Those nights, half asleep, a small fist raps your back, you say it wasn't you, but floorboards groaning the way they do in old houses that sag in fall, swell in summer, contract in winter, and all that's left for spring is laughter and fear when everyone goes out doors again after dark, testing door knobs, it wasn't you , you say, only the house or some such thing,
Shared chills or beads of sweat, the double “s” molding prevailed, every position and posture on the mattress a buried language of what wasn't said any of those times when working was more heartache to keep for an idea of love that seems to choke because nothing seems funny anymore, nothing weighs less than an unwanted ton, we change positions as if speaking too fast for court reporters,
"I hope I don't dream" you say. " or if I do, let it be of a big black wall with nothing on it, just blackness, blackness..."
The apartment is so quiet that it is the refrigerator that sings us to sleep, a high and ghostly whistle coming from it's deep frozen stillness. We drift off as headlights flash across the ceiling and car radios play music pulled from the air from other states, we drift off while the house sinks deeper into an earth that wants it all back.

sixteen:
She crosses the street after standing at the corner for minutes that seemed nothing less than hours. He watched ,thinking of lyrics to write. She stood at the corner, jabbing the button of the pedestrian signal box, looking across the street as if to see if perhaps a store she wanted to get to before they closed might have flipped the sign over in the door, from "open" to "closed". As if she could see through all that traffic.
I know, he thought, a song about a guy watching a woman trying to cross the street while he tries to imagine a lyric he might or might not write. The irony, he thought, or was it just laziness? All these bagels are cold and hard as tile. He lights a cigarette, dumps the match in his ash tray. The woman is across the street, and vanished into a parking structure.
"May I have another Latte?" he asks a passing woman carrying a tray to the cafe service station.
"I don't work here" she says without breaking her stride.
eighteen:
You and I have watched lightning exploding silently behind the dress grays of twilight and we’ve kept on saying that the world just doesn’t work anymore and then laughed, drank more rum, sang an atonal riff before a garbled, tongue clucking solo, and then watched the lightning again for hours while it lime—lighted the small patch of trees and the few blocks of curving intersections you and I called home and thought diseased when we had a good buzz while walking past displays windows in shops we couldn’t afford to browse in on the blocks getting torn down, buildings coming down and nothing left standing but firewalls and brick chimneys, the world didn’t work anymore around the sidewalks we walked, you and have stood in the rain nursing paper cups full of Pepsi and Meyers, sad to see the neighborhood go because some one was getting rich while we were getting drunker luxuriating in the melancholy that the turf no longer reminded us of why we were angry about being cheated and being different from the rest, our misery was a shadow that followed us that even the lightning couldn’t cut through and remind us again what it was we were drinking to forget.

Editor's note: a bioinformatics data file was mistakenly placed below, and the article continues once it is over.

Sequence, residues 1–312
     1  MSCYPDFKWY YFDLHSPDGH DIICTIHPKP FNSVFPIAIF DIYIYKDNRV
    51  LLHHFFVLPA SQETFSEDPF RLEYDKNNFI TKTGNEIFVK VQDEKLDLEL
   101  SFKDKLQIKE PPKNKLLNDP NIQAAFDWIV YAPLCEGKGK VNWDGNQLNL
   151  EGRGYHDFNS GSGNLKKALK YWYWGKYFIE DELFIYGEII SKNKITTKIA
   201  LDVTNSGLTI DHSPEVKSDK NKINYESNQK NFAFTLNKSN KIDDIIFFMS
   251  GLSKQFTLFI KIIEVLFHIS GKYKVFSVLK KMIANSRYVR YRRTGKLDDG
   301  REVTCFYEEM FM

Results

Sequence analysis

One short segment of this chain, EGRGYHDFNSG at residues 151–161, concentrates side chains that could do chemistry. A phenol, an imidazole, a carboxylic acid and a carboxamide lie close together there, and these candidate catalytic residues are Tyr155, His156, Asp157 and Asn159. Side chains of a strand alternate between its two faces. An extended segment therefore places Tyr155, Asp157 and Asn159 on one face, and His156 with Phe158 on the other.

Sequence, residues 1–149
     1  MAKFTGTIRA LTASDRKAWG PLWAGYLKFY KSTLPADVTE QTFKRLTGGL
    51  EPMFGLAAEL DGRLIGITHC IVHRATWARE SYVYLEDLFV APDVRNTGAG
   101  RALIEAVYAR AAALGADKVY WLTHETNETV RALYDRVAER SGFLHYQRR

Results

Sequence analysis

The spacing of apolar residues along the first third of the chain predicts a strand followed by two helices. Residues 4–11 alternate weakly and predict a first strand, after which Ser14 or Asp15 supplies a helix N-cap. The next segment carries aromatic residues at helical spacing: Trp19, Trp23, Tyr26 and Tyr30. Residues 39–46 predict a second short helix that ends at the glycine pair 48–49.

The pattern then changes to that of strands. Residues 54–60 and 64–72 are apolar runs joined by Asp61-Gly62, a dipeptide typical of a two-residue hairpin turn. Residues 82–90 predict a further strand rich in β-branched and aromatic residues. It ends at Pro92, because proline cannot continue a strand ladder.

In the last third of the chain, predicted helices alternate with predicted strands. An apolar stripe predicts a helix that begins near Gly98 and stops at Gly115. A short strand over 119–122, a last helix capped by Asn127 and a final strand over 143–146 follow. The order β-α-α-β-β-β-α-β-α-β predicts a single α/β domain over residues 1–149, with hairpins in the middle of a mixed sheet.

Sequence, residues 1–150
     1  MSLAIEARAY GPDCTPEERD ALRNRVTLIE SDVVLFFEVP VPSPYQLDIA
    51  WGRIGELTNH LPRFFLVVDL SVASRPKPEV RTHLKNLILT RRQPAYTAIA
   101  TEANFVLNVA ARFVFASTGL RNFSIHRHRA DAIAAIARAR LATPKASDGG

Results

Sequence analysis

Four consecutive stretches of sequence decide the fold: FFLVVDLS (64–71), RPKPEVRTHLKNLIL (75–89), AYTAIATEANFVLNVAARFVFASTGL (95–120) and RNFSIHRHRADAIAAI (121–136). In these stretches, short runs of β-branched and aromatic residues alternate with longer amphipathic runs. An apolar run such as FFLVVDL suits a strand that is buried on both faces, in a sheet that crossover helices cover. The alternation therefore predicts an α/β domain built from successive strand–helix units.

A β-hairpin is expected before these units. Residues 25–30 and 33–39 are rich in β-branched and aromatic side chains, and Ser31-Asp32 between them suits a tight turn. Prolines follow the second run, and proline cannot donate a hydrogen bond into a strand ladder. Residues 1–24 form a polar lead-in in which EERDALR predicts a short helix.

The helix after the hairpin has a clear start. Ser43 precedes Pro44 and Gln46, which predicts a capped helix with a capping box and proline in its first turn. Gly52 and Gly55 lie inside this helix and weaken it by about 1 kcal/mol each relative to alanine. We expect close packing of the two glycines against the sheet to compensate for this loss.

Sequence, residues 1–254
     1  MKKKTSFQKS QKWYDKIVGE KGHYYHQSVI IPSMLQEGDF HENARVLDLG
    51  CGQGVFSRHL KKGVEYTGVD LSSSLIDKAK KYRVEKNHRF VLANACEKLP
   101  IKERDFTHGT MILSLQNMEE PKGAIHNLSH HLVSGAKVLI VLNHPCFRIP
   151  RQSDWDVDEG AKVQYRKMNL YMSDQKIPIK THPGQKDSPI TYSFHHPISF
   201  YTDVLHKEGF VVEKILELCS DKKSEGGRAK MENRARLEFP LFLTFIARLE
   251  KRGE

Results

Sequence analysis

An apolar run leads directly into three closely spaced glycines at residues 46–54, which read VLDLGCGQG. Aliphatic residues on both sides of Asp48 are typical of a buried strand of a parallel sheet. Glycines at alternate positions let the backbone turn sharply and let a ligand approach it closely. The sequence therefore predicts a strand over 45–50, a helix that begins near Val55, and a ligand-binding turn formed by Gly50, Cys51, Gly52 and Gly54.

nineteen:
There is only the other side of the road when you come over, the other side of the tracks even though we live no where near a train yard.
I bow to your good looks and great legs and the meals you’ll make before you even notice that You’re tired of the sound of my voice on the voice getting real close to the speaker, becoming a grainy whisper alone the wireless sky,  “Maybe we should keep our apartments” you say, “just so that both of us have some place to go, you know, if all this turns out be only a mess, a mess...”
You drop a fork in the kitchen sink as the water runs over the lettuce, birds alight and fly toward the sun that is going away, “I give in to you’re wisdom” I tell you, “Whatever you think is the right thing to do...”
Across the street is a million miles away and the bedroom doesn’t exist at this precise minute, my magazines stack higher than any man’s ever seen,
But not every night is heaven when there some things missing from around the house when I look around,
This side of the street seems to be sliding off the face of a cliff that is losing the earth that gives in a severe inch with each storms that comes from the south or the north, each blast of electric guitar, every plane you took up to know when there is only me in an empty room older than I planned on being, more alone than what the law allows.